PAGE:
The homeownership rate has been increasing recently following more than 10 years of decline. According to the U.S. Census, the rate peaked in the first quarter of 2005 at 69.1 percent and then declined to a low of 62.9 percent in the second quarter of 2016. It has been creeping up since then, reaching 64.2 percent in the first quarter of this year.
This may or may not be a good thing, depending on how many of the new owners are NOHOs — my term for people who should not be homeowners.
Defining a NOHO
The distinguishing feature of NOHOS that makes them poor homeowners is not their income, family structure, mobility, ethnicity or where they live. Rather, it is how they live. Whereas successful homeowners live with at least one foot in the future and have learned how to delay some gratifications for future rewards, NOHOs live from day to day — or week to week, or month to month, depending on how often they are paid. Whatever they want, furthermore, they want it now. Typically, they have nothing left at the end of their pay period, and if they run out early they have to scrimp or borrow, usually at high interest rates.
When NOHOs make a costly purchase, such as a TV set, they price it in terms of the monthly payment, which they attempt to fit into their weekly or monthly budget. They are easily seduced by offers of delayed payments and long repayment terms, ignoring the high prices that accompany such offers.
NOHOs sometimes write me about buying a house because they have heard that owning is cheaper than renting. They would buy a house in the same way they would buy a TV set, by seeing if they can afford the monthly payment. In most cases, they have no savings but have heard that it is possible to get a loan for 100 percent of the sale price. I try to discourage them by explaining the hidden costs and risks of home ownership and by pointing out that, as owners, they rather than the landlord are responsible for everything that goes wrong.
Property taxes a common NOHO problem
Any bump in the road is enough to throw home-owning NOHOs in the ditch. A common bump in the road is property taxes. One who wrote me had calculated her monthly obligation net of the tax deduction on the mortgage interest, and fell behind on her payment because — something she did not anticipate — her tax saving did not become available to her until year-end.
Another NOHO who wrote me was in serious trouble almost immediately because the property tax estimate by the lender turned out to be $200 a month too low. The NOHO said he would not have purchased the house if he had known the correct figure. His house purchase plan had no margin for error.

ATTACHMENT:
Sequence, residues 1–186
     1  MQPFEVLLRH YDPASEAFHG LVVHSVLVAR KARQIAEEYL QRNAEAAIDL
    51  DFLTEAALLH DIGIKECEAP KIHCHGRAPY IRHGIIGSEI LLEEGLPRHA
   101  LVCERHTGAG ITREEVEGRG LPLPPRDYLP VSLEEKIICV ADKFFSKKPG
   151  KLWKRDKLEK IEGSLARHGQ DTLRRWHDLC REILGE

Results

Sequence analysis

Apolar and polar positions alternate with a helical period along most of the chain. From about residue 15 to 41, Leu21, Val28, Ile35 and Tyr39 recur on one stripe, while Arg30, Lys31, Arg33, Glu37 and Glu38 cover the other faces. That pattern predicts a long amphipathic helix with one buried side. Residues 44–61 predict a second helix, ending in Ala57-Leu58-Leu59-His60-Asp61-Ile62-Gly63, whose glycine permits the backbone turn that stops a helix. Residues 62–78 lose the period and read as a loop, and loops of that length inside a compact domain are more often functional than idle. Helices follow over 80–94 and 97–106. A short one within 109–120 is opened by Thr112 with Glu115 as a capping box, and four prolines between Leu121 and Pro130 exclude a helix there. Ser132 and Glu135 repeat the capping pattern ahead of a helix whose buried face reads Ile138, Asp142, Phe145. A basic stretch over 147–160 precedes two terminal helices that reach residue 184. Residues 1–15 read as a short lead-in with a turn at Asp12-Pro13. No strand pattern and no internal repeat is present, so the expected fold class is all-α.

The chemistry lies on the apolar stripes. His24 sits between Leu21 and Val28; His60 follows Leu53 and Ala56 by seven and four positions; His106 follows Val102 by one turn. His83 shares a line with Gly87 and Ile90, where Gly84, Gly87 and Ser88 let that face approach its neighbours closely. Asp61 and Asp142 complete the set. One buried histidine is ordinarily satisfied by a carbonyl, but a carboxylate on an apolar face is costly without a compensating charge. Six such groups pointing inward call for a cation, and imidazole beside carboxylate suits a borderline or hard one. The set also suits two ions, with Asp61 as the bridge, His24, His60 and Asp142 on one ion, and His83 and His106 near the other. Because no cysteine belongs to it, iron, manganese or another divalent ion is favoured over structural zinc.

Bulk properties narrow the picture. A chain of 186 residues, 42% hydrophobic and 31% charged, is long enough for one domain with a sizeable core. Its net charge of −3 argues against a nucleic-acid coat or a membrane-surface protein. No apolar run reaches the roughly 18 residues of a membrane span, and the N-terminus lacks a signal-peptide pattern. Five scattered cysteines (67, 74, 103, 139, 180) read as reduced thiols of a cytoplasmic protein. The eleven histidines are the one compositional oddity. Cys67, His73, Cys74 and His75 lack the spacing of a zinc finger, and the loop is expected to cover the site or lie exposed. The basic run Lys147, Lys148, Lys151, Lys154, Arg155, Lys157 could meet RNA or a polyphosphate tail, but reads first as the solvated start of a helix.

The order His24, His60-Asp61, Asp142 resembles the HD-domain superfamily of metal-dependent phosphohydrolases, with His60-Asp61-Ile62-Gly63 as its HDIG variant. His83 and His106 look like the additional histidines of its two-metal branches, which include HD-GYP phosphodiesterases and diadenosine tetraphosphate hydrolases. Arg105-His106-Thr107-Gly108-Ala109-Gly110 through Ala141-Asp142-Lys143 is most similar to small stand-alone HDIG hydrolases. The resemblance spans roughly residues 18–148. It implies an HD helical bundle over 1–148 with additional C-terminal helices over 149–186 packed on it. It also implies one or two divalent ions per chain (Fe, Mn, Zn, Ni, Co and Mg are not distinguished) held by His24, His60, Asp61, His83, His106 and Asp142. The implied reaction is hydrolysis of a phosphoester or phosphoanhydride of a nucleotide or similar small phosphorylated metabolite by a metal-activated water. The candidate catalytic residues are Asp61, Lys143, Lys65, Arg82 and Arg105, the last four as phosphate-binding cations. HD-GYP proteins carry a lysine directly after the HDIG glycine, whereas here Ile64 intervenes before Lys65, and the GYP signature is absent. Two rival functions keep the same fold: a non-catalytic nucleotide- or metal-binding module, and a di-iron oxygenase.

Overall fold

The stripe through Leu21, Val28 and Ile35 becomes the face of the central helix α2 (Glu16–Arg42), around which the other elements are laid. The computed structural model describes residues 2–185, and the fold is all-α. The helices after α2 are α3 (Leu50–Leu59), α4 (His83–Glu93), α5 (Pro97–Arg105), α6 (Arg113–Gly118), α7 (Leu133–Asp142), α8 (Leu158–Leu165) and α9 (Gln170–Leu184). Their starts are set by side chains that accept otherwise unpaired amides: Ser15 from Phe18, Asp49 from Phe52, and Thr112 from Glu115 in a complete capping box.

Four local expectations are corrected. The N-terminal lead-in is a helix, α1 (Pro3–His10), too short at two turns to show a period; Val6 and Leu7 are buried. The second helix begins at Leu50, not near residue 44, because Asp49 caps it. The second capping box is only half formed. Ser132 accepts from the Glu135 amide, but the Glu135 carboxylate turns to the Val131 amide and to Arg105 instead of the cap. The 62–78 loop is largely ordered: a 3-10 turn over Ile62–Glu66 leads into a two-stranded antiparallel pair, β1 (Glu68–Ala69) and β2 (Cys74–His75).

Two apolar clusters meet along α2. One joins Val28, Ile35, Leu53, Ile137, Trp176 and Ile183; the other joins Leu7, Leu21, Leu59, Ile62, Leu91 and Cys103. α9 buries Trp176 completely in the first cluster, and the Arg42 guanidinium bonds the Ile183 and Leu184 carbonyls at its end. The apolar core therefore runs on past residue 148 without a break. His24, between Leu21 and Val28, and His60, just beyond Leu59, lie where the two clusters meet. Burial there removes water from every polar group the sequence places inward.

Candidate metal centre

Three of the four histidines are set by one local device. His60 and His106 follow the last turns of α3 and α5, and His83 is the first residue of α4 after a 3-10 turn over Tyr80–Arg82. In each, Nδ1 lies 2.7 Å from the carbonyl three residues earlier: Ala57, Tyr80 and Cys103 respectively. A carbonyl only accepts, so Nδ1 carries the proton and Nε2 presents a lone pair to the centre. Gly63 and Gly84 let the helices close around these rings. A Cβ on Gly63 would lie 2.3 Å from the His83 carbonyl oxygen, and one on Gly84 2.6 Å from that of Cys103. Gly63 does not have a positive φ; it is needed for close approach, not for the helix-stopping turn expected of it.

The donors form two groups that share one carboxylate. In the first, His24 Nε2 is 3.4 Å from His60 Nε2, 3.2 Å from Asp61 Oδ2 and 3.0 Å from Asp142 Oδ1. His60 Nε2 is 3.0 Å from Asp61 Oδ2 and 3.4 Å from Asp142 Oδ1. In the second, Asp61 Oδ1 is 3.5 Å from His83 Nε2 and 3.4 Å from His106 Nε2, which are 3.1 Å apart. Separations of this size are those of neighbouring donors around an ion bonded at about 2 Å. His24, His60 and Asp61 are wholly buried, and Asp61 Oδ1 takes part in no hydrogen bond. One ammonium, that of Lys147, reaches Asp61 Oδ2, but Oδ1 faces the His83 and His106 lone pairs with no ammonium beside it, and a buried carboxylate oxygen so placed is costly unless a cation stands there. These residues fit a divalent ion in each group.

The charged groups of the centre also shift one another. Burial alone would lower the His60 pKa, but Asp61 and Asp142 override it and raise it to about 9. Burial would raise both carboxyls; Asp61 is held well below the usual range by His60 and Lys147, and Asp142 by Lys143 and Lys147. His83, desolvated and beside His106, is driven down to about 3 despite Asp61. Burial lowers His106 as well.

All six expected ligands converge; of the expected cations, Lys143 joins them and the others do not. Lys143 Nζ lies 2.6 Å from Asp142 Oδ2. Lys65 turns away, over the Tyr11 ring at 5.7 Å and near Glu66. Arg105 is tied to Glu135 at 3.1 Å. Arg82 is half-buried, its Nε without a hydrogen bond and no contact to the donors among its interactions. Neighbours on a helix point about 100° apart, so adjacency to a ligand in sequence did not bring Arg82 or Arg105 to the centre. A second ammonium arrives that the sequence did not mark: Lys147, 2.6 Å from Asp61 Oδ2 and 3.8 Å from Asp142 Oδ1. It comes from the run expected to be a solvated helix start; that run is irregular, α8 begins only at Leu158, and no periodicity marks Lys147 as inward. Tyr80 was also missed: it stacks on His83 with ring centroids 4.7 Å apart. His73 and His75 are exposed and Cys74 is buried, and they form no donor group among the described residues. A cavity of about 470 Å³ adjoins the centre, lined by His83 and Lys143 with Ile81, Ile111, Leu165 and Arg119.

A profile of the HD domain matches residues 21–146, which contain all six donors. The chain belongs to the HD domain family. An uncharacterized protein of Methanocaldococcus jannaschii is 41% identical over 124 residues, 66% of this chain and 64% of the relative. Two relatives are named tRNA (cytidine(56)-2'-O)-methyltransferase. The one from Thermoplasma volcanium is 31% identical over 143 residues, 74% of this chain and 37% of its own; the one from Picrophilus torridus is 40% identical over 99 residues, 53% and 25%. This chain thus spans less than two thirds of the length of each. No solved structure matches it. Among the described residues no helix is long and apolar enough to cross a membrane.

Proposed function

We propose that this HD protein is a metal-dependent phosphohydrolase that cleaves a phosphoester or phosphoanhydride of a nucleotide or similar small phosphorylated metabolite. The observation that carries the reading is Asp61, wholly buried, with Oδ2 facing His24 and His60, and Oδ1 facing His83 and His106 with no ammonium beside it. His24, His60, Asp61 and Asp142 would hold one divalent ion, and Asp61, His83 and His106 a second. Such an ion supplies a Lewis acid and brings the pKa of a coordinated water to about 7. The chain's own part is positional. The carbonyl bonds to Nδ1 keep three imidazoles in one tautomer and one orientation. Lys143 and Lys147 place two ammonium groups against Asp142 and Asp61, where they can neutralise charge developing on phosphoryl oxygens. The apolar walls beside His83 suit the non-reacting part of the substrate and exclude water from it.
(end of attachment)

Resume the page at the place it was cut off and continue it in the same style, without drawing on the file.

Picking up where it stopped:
More often, NOHOs can manage the tax when they move in but can’t manage a future tax increase. Of course, property taxes are known to rise, if not this year then next; it doesn’t take a lot of foresight to expect it. But foresight is in short supply among NOHOs.
The down payment requirement
In the 1920s, NOHOs were all renters because mortgage lenders required house purchasers to put 40 percent down. Since NOHOs can’t save, they can’t make a down payment. The problem was that the high down payment requirement screened out many potential homeowners who were not NOHOs, especially first-time home buyers, for whom our society seems to have a weak spot. Over the years the screen has been much loosened.
On FHA-insured loans, the requirement declined from 20 percent in 1934 to 3.5 percent today. Loans purchased by Fannie Mae and Freddie Mac today require 5 percent down, though first-time buyers can qualify for 3 percent. Veterans can obtain VA mortgages with no down payment, and the Department of Agriculture offers them to low-income purchasers in rural areas.
An alternative way of liberalizing the down payment screen is to allow the payment to come from someone other than the borrower. We have had a number of these, and some are more likely to allow NOHOs to avoid the screen than others.
Allowing a third party to make a down payment for a borrower in most cases is a better way to screen out NOHOs than a no down payment program that relies entirely on a credit evaluation. The third party is risking its contribution based on knowledge of the borrower. This is true of contributions made by family members, for whom assistance is a vote of confidence by those who usually know the borrower best. To some degree, it is also true of investors who negotiate a share of future property appreciation. Several programs of this sort have arisen in recent years. It is not the case with home sellers, who can be depended upon to raise the house price by enough to cover their contribution.
The NOHO cure
It isn’t easy but NOHOs can cure themselves by changing their lifestyle. The key change is to reverse their practice of treating savings as a residual — what is left at the end of the pay period after all expenses have been made. The residual system doesn’t work for NOHOs because they never have anything left. A way to shift priorities is to make a deposit into a special savings account immediately after receiving income, so that spending is limited to what remains. It can work for those determined to make it work.
Jack Guttentag is professor emeritus of finance at the Wharton School of the University of Pennsylvania. Comments and questions can be left at mtgprofessor.com.